In a handful of cases scientists have begun to pinpoint which of the parasite’s genes control their host’s behavior. Baculoviruses, for example, infect the caterpillars of gypsy moths and a number of other species of moths and butterflies. The parasite invades its host’s cells, hijacking them to make new baculoviruses. On the outside the caterpillar appears normal, continuing to munch on leaves as before. But the food it eats is not becoming more caterpillar tissue. Instead it’s becoming more baculoviruses.
When the virus is ready to leave its host, the caterpillars undergo a radical change. They become agitated, feeding without rest. And then they begin to climb. Instead of stopping in safe spots out of the way of predators, the infected caterpillars creep higher into the trees, remaining on top of leaves or on tree bark in daylight hours, when they are easily seen by predators.
The baculoviruses carry genes for several enzymes. When they’re ready to leave their host, certain genes become active in caterpillar cells, producing a torrent of enzymes that dissolve the animal into goo. As the caterpillars dissolve, clumps of viruses shower down onto the leaves below, to be ingested by new caterpillar hosts.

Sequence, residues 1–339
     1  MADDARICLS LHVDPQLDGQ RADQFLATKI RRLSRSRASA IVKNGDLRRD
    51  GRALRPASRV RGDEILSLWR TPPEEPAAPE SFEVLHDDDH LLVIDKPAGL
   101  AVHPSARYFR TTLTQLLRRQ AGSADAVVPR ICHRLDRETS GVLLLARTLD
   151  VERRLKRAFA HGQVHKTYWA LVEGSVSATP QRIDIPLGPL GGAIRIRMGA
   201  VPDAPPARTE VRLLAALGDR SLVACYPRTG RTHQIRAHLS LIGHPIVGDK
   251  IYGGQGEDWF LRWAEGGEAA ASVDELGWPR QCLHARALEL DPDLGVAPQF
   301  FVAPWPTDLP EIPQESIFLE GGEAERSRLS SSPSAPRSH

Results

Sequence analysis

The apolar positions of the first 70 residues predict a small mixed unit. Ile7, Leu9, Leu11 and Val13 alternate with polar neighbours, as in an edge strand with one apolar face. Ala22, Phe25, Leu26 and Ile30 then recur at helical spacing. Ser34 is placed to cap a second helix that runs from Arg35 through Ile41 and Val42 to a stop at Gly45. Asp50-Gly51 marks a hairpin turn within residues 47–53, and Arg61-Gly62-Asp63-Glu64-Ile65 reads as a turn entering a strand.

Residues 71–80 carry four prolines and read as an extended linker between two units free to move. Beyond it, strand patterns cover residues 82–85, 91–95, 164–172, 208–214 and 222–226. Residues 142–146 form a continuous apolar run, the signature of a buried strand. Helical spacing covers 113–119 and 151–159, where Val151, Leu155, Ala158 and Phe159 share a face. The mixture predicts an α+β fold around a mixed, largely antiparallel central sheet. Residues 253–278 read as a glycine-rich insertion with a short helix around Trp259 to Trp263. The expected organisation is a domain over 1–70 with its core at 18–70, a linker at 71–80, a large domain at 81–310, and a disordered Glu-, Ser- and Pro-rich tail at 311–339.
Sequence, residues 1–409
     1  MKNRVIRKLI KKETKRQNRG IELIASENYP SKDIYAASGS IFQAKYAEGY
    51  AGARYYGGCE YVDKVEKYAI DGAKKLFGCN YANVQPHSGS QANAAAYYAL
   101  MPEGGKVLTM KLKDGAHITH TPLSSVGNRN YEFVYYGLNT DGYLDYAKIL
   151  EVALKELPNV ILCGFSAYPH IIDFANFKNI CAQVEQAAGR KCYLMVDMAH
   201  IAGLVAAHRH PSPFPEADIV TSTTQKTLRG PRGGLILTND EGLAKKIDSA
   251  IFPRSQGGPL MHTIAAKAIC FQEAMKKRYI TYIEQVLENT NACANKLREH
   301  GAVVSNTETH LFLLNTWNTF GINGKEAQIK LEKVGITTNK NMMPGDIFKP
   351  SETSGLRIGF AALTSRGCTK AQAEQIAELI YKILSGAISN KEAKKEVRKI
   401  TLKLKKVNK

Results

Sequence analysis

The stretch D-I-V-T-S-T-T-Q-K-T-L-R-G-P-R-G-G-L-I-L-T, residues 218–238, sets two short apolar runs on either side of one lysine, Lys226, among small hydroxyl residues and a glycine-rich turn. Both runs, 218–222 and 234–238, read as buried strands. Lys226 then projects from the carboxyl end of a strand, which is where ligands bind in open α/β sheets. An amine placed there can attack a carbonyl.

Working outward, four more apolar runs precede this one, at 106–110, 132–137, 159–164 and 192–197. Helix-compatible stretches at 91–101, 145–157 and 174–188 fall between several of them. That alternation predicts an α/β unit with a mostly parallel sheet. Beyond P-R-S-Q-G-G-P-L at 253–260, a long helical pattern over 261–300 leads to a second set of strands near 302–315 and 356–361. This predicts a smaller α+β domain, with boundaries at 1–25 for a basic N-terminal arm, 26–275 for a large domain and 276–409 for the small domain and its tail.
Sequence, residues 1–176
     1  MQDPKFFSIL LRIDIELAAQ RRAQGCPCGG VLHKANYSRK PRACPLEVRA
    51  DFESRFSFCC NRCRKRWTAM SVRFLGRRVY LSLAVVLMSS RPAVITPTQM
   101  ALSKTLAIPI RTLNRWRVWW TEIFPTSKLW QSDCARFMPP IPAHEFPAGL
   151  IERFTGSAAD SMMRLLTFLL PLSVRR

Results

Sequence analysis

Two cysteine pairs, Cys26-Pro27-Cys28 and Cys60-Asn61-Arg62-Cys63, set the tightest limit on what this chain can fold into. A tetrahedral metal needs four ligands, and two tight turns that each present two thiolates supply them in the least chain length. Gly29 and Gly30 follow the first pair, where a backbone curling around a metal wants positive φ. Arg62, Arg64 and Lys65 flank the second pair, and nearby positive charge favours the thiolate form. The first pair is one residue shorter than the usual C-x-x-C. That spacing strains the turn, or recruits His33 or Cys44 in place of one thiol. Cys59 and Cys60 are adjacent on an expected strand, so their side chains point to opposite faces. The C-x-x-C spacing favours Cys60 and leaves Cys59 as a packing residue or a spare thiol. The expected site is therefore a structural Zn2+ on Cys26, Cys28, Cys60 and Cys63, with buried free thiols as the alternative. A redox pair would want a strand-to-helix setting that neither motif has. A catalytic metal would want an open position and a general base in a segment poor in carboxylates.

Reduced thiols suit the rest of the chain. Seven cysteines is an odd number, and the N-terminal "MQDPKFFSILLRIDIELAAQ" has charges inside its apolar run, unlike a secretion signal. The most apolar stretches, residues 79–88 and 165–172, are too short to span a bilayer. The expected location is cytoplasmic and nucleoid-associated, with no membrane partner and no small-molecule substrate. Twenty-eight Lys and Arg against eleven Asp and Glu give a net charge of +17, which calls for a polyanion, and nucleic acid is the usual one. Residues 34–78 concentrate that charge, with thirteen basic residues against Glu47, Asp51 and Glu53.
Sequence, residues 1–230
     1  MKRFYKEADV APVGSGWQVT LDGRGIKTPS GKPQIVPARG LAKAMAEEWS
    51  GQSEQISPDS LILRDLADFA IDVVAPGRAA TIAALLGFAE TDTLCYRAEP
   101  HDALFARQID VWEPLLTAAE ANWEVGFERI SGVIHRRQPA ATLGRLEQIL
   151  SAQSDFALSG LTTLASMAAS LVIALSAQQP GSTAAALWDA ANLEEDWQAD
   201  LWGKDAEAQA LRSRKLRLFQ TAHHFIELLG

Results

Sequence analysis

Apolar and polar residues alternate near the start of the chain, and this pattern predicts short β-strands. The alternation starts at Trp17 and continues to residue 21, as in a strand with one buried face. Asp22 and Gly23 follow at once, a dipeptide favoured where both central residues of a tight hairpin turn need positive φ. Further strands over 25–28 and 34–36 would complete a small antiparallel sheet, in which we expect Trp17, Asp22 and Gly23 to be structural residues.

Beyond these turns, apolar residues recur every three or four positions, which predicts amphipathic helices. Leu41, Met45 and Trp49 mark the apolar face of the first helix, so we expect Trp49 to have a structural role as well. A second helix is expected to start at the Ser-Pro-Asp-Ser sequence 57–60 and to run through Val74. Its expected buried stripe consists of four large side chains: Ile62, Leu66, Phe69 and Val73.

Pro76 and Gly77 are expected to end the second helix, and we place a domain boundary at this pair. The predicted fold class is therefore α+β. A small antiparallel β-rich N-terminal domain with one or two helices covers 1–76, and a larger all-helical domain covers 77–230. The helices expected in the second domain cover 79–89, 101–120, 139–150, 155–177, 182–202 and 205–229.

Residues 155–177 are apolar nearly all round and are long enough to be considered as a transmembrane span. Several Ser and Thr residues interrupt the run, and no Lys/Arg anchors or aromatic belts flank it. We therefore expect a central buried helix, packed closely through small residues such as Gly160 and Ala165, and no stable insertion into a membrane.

To Kelli Hoover and David Hughes of Penn State University and their colleagues, the climbing behavior of the caterpillars seemed like an exquisite example of an extended phenotype. By causing their hosts to move up in trees, the baculoviruses increased their chances of infecting a new host down below. To test Dawkins’s idea, they examined the genes in baculoviruses, to see if they could find one that controlled the climbing of caterpillars.
When the researchers shut down a single gene in the virus, called egt, it continued to infect caterpillar cells and replicate as before, even turning the caterpillars to goo as before. But baculoviruses without a working copy of egt could not cause the caterpillars to climb trees. It’s unlikely that many other parasites control their hosts with a single gene; an animal’s behavior is typically influenced by a number of its own genes, each contributing a small part to the sum. So it’s probable that many parasites control their hosts with a multitude of their own genes.